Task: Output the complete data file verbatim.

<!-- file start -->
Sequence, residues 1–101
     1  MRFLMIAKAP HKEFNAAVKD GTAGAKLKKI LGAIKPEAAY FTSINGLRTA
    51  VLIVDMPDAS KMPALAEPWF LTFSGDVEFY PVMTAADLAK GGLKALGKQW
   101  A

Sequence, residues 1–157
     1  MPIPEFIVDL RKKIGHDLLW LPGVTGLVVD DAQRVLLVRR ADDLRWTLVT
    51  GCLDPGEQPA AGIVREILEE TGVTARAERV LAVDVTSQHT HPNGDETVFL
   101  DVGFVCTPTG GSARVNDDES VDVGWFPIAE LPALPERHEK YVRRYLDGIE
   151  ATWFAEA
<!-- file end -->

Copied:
Sequence, residues 1–101
     1  MRFLMIAKAP HKEFNAAVKD GTAGAKLKKI LGAIKPEAAY FTSINGLRTA
    51  VLIVDMPDAS KMPALAEPWF LTFSGDVEFY PVMTAADLAK GGLKALGKQW
   101  A

Sequence, residues 1–157
     1  MPIPEFIVDL RKKIGHDLLW LPGVTGLVVD DAQRVLLVRR ADDLRWTLVT
    51  GCLDPGEQPA AGIVREILEE TGVTARAERV LAVDVTSQHT HPNGDETVFL
   101  DVGFVCTPTG GSARVNDDES VDVGWFPIAE LPALPERHEK YVRRYLDGIE
   151  ATWFAEA